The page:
As a child I remember winter meant lots of snow, but the blizzard of 1952 was the really big one!

The clouds hung low in the sky; they seemed to be sitting just above the trees waiting. Blue jays and chickadees were filling their bellies preparing for a long cold spell.

Shortly after noon a few flakes began to fall then more and more fell not lazily floating down from heaven to earth but slanted as though they came from clouds far away .Soon a thin blanket of white hung outside the windows hiding the road from our view.

Our house stood in the middle and to the left of a mile long valley surrounded by dark mountains and small bluffs. Mount Blue stood majestically in the distance. The valley created a deep bowl trapping the wind driven snow that leaped over the mountains and deposited its load of white crystals on its blustery way to Wilton. The snow stayed in the valley and was blown about by the fierce winds into huge drifts that piled to alarming heights.

Our home was called a bungalow it nestled low to the ground under an octagon shaped roof. It sat modestly behind a large sloping front lawn; a long driveway ran along the east side of the oblong shaped parcel of land. The windows were about two feet from the rock foundation and snow could quickly cover the thin glass blocking out the gray light.

All afternoon the snow fell. As day turned into night the wind began to blow. It whistled around the eaves gently at first, and then it appeared to become angry as if it wanted to blow our house over, all night it tried to get in, it roared through the eaves like a freight train on its way to hell. The windows shivered as they tried to keep the wind on the outside.

We occupied ourselves by listening to the radio, playing board games, our dolls were new, and all in one piece so we played house and even held classes in a pretend school sitting. We used two old desks Mom and dad had gotten somewhere that previous summer and Donna assumed the role of our teacher. She stood at the front of our classroom hands on her hips wearing a stern expression. Rita and I sat side by side on the small seat attached to the deeply gouged desktop. Doug and Hunky shared the other desk. We were instructed to be quiet and do our school work which consisted of a page from a coloring book or a lined piece of paper to write our names. If we dared to speak we were quickly silenced by the sound of a ruler being slammed down on the desk. We soon tired of this harshly controlled game and discovered punching and kicking at each was much more fun until mom shouted “cut that out!”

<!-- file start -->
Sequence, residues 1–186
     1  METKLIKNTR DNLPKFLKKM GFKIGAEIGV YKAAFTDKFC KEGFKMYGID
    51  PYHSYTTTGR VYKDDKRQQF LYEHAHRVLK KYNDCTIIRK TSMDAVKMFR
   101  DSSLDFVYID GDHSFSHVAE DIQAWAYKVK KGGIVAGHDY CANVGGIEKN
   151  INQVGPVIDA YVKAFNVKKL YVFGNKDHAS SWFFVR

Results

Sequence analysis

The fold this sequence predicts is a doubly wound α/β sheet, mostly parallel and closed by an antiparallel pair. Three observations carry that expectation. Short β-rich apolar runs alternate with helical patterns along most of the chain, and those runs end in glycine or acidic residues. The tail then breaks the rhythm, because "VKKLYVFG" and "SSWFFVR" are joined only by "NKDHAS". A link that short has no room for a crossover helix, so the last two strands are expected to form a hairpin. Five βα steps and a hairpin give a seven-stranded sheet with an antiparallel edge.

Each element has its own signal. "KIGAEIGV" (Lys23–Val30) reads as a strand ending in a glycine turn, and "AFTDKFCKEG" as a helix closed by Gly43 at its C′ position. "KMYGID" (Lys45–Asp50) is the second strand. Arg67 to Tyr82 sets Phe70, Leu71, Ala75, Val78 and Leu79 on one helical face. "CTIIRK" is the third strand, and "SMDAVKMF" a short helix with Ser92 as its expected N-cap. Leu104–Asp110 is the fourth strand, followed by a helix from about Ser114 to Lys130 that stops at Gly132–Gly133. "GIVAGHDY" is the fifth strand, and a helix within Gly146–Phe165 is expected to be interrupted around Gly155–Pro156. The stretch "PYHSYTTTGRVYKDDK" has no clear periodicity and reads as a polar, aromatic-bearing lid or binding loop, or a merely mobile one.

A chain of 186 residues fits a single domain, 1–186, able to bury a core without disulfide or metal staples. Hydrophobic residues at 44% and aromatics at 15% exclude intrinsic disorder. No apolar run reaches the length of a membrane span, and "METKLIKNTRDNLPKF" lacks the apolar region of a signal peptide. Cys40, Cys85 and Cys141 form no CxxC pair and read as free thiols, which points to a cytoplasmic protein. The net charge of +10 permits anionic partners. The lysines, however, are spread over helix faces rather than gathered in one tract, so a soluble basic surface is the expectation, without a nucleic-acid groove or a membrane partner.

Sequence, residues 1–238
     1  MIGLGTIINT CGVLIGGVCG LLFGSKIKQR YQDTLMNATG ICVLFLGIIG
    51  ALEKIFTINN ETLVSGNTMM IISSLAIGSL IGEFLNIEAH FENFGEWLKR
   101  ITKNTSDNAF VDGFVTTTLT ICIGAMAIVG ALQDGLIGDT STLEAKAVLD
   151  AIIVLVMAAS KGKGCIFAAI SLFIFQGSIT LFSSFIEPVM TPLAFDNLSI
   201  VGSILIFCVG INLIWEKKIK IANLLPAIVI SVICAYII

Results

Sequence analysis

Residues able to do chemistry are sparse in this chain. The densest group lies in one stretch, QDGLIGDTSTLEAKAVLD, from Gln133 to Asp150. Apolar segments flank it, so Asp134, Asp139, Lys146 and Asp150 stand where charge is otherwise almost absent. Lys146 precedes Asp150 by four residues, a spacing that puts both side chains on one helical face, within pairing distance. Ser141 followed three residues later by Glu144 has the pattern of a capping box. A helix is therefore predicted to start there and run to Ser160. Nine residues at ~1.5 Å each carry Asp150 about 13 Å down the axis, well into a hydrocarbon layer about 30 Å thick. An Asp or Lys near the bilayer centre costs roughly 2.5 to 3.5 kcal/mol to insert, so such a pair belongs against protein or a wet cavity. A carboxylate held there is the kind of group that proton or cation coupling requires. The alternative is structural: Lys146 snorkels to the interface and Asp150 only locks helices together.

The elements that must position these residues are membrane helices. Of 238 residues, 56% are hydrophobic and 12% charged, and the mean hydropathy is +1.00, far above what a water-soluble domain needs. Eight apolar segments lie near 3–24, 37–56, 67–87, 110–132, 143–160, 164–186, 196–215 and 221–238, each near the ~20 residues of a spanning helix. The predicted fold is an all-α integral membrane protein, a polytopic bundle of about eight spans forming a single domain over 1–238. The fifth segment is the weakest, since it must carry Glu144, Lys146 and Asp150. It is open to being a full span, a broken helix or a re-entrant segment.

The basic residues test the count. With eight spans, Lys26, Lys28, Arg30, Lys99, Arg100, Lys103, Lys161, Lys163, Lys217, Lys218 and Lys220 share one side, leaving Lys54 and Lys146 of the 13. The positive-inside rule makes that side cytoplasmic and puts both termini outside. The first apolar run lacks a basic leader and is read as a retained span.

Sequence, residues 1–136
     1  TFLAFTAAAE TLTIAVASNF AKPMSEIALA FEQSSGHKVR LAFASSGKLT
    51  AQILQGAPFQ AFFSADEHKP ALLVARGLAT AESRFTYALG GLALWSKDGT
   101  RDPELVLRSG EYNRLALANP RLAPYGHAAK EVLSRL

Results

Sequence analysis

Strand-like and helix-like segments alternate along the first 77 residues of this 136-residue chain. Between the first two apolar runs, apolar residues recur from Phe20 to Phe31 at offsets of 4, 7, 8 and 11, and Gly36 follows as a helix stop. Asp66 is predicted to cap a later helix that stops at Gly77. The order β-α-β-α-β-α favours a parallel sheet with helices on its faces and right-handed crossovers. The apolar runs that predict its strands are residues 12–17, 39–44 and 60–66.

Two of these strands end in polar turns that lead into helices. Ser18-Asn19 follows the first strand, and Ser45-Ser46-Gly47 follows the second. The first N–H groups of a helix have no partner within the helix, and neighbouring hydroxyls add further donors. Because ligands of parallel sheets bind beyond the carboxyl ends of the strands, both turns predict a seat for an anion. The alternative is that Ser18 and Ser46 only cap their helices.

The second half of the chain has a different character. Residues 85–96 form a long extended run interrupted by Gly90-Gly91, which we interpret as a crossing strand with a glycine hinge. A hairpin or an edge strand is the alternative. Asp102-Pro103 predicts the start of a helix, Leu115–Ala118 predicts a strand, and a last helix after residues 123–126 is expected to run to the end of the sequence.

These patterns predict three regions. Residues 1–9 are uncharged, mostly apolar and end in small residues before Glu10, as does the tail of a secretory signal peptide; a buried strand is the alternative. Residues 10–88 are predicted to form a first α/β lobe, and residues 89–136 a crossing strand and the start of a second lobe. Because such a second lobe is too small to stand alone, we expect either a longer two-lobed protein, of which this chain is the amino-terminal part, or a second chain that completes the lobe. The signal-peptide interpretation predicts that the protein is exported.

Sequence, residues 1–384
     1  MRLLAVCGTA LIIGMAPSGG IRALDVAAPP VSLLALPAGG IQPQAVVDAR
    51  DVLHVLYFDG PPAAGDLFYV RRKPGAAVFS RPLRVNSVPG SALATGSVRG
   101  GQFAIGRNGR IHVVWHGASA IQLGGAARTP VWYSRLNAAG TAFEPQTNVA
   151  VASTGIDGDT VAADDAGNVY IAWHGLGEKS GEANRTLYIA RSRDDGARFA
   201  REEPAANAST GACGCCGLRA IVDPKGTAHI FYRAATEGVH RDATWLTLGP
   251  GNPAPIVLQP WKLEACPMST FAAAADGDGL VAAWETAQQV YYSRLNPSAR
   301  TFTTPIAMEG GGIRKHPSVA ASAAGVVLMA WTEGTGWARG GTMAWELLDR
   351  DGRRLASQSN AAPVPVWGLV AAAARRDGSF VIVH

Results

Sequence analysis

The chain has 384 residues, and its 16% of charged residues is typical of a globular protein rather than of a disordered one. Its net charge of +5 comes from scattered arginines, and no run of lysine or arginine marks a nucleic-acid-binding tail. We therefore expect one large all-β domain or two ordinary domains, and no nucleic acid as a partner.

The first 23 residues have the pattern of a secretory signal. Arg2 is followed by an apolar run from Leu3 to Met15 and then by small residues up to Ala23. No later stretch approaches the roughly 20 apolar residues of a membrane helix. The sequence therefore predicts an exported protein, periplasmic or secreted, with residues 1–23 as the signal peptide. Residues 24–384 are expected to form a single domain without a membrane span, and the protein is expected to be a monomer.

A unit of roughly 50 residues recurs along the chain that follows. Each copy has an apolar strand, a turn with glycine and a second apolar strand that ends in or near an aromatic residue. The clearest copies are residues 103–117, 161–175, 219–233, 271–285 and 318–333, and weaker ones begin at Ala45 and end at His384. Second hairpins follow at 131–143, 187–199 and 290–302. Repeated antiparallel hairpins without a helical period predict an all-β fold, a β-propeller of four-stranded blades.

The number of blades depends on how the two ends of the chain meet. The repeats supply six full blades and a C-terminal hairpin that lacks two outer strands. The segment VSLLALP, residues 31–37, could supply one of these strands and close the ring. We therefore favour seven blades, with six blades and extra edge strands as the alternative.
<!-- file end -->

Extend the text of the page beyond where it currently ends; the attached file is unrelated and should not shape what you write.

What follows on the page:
Dad and Doug kept a path dug out to the woodshed to supply our only source of heat, and tried to keep a path to the out house shoveled. Pee pots were used often in desperate situations. The backyard was somewhat sheltered from the drifting snow by the limbs of a huge elm tree that grew on the banks of Wilson stream. A line of spindly birch and alder trees provided a half hearted wind break for the back of the house. Several large elm trees protected the left side of our cozy home. The north wind blew down the valley and hit the trees as they stood tall bracing against the on slot as if they were taking a deep breath, when they could no longer hold back the angry wind they would bend and surrender to the wind with a haunting whistle as it tore down the valley. We were snug as seven bugs in a rug but completely shut off from the outside world, we didn’t have a telephone we couldn’t leave, and no one could come in.

On the morning of the third day the windows were lighter and I heard dad trying to open the front door, he pushed at the hard packed drift and made a small opening but soon snow fell from the top of the door and spilled onto the linoleum. He slipped and caught himself as he reached for the shovel he had placed nearby. He pushed at the door and tried to shovel snow over the drift, with a lot of grunting, groaning and a few choice swear words he had an opening so he could close the door and step out into the small hole he had dug into the drift.

I don’t know how but, Uncle Woody heard of our dilemma and came down from Dixfield with a shovel in his trunk. He and dad and Doug shoveled for two days until we they reached the road. The freshly dug path was wide enough for dad to drive the car out scraping both sides on his first attempt to reach the outside world.

We were out of school for a whole week, on Monday morning the bus stopped and Mr. Shea our bus driver jumped down the stairs and said “Stay right there I want to take your picture!

The picture showed four tiny children dwarfed by towering snow banks all bundled up against the winter cold. Most of our neighbors had been snowed in also but not for a week as we were.


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